Chinese money supply a headwind for equities
Over the past few weeks I have often posted articles about the behavior of the Chinese stock market. With the Shanghai Composite Index (SSEC) now having declined by 23.3% since its peak of November 2010, it would seem that Chinese equities have indeed been a canary in the coal main and are now leading global bourses lower. The Chinese stock market was the first to turn the corner after the credit crisis sell-off – a full five months before the majority of indices bottomed in March 2009. The graph below illustrates the SSEC (green line) leading the S&P 500 Index (red line) at both the bottom and top.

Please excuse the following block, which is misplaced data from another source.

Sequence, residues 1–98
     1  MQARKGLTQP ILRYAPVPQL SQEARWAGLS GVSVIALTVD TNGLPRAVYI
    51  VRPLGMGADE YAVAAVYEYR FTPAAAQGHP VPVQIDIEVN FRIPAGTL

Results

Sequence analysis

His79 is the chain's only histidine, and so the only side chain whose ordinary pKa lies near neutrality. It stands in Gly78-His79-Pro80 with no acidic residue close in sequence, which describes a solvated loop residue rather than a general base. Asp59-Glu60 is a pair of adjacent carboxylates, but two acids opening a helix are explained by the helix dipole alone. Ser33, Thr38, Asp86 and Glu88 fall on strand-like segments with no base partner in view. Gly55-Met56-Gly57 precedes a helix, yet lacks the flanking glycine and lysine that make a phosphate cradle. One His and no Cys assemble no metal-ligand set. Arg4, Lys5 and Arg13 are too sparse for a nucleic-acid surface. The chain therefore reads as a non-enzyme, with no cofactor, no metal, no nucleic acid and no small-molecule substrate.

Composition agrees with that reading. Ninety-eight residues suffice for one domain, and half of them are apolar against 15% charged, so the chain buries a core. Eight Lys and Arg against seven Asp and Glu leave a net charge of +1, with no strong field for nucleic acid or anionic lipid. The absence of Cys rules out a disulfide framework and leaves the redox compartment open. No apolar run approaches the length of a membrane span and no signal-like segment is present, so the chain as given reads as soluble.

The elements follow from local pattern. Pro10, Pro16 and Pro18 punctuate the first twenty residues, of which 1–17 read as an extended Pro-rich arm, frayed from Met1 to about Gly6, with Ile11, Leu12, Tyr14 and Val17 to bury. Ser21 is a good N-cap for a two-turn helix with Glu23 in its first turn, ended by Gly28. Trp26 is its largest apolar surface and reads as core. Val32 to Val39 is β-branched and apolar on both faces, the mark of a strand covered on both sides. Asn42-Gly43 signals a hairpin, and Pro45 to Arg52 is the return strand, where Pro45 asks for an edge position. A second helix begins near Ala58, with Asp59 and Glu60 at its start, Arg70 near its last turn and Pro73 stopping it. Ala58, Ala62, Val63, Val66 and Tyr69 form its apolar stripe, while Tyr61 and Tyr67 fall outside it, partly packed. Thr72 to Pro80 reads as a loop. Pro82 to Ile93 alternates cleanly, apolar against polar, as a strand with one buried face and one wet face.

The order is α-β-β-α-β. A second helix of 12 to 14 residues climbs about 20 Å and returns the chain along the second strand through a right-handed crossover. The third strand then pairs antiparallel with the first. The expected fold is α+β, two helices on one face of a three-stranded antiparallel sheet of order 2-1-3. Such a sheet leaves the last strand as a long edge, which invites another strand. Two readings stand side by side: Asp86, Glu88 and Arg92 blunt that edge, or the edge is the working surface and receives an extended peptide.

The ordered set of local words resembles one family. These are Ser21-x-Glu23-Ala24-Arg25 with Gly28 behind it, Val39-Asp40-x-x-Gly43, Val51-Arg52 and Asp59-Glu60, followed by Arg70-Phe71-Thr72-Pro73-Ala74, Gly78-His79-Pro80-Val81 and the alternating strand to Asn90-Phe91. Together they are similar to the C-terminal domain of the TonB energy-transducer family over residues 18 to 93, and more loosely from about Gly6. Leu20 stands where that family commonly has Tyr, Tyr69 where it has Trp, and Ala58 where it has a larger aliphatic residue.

“The market environment in China has evolved under a tighter policy stance this year. Faster GDP growth and slower money-supply expansion combined to reduce the country’s excess liquidity, which has typically led domestic stock performance in the past decade,” said U.S. Global Investors in its latest Weekly Investor Alert. Should this historical relationship hold, it would not be surprising to see the SSEC trade lower still and provide a further leash for also pulling other stock markets lower.
Source: U.S. Global Investors – Weekly Investor Alert, May 14, 2010.
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